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Why Do Part-time Workers Invest Less in Human Capital than Full-timers?


  • Annemarie Nelen
  • Andries de Grip


We analyse whether lower investments in human capital of part-time workers are due to workers' characteristics or human resource practices of the firm. We focus on investments in both formal training and informal learning. Using the Dutch Life-Long-Learning Survey 2007, we find that part-time workers have different determinants for formal training and informal learning from full-time workers. The latter benefit from firms' human resource practices such as performance interviews, personal development plans, and feedback. Part-time workers can only partly compensate the lack of firm support when they have a high learning motivation and imagination of their future development. Copyright 2009 CEIS, Fondazione Giacomo Brodolini and Blackwell Publishing Ltd..

Suggested Citation

  • Annemarie Nelen & Andries de Grip, 2009. "Why Do Part-time Workers Invest Less in Human Capital than Full-timers?," LABOUR, CEIS, vol. 23(s1), pages 61-83, March.
  • Handle: RePEc:bla:labour:v:23:y:2009:i:s1:p:61-83

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    References listed on IDEAS

    1. Kahneman, Daniel & Tversky, Amos, 1979. "Prospect Theory: An Analysis of Decision under Risk," Econometrica, Econometric Society, vol. 47(2), pages 263-291, March.
    2. Ichniowski, Casey & Shaw, Kathryn & Prennushi, Giovanna, 1997. "The Effects of Human Resource Management Practices on Productivity: A Study of Steel Finishing Lines," American Economic Review, American Economic Association, vol. 87(3), pages 291-313, June.
    3. Stefano DellaVigna & M. Daniele Paserman, 2005. "Job Search and Impatience," Journal of Labor Economics, University of Chicago Press, vol. 23(3), pages 527-588, July.
    4. Lalith Munasinghe & Nachum Sicherman, 2000. "Why Do Dancers Smoke? Time Preference, Occupational Choice, and Wage Growth," NBER Working Papers 7542, National Bureau of Economic Research, Inc.
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    Cited by:

    1. Chloe Duvivier & Joseph Lanfranchi & Mathieu Narcy, 2015. "Les sources de l'écart de rémunération entre hommes et femmes au sein des trois versants de la fonction publique," Working Papers hal-01292147, HAL.
    2. Görlitz, Katja & Rzepka, Sylvi, 2014. "Does regional training supply determine employees' training participation?," Discussion Papers 2014/9, Free University Berlin, School of Business & Economics.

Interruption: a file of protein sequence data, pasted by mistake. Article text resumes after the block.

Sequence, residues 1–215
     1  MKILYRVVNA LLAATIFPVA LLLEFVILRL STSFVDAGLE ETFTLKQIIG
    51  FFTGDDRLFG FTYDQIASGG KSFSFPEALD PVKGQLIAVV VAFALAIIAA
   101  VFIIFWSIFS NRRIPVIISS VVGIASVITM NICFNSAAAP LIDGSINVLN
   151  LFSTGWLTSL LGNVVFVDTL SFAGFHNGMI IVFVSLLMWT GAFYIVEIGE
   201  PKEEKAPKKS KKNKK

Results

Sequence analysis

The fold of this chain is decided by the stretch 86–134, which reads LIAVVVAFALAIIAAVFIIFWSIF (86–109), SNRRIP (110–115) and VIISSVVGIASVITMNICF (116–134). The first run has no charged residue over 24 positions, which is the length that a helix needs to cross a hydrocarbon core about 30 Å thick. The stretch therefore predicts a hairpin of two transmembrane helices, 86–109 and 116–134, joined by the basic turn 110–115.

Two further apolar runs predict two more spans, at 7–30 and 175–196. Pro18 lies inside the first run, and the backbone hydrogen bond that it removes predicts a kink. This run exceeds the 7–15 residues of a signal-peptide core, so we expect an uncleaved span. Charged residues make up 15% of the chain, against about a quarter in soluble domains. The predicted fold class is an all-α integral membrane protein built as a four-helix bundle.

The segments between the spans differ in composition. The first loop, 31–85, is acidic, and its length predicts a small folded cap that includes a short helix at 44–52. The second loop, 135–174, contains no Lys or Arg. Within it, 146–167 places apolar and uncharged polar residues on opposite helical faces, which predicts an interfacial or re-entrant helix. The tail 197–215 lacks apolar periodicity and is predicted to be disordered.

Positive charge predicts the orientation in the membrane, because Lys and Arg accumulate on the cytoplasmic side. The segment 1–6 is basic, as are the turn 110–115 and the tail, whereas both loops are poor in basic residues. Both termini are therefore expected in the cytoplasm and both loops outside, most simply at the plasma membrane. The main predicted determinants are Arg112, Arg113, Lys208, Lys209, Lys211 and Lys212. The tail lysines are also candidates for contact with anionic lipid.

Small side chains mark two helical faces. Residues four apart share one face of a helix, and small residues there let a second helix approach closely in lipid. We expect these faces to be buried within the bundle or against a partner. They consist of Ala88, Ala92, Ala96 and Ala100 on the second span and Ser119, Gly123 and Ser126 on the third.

3. Kira Rupietta, 2015. "How does Part-time Work Affect Firm Performance and Innovation Activity?," Working papers 2015/05, Faculty of Business and Economics - University of Basel.
    4. Mathieu Narcy & Joseph Lanfranchi & Chloé Duvivier, 2016. "Les sources de l’écart de rémunération entre femmes et hommes dans la fonction publique," Économie et Statistique, Programme National Persée, vol. 488(1), pages 123-150.
    5. repec:spr:anresc:v:59:y:2017:i:1:d:10.1007_s00168-017-0831-8 is not listed on IDEAS
    6. Ferreira Sequeda M.T. & Grip A. de & Velden R.K.W. van der, 2015. "Does on-the-job informal learning in OECD countries differ by contract duration?," ROA Research Memorandum 008, Maastricht University, Research Centre for Education and the Labour Market (ROA).
    7. Devicienti, Francesco & Grinza, Elena & Vannoni, Davide, 2015. "The Impact of Part-Time Work on Firm Total Factor Productivity: Evidence from Italy," IZA Discussion Papers 9463, Institute for the Study of Labor (IZA).
    8. Dongyeol Lee & Hyunjoon Lim, 2014. "Nonlinearity in Nexus between Working Hours and Productivity," Working Papers 2014-24, Economic Research Institute, Bank of Korea.
    9. Dieckhoff, Martina & Steiber, Nadia, 2009. "In search of gender differences in access to continuing training: Is there a gender training gap and if yes, why?," Discussion Papers, Research Unit: Skill Formation and Labor Markets SP I 2009-504, Social Science Research Center Berlin (WZB).
    10. Ferreira Sequeda, Maria & de Grip, Andries & Van der Velden, Rolf, 2015. "Does Informal Learning at Work Differ between Temporary and Permanent Workers? Evidence from 20 OECD Countries," IZA Discussion Papers 9322, Institute for the Study of Labor (IZA).

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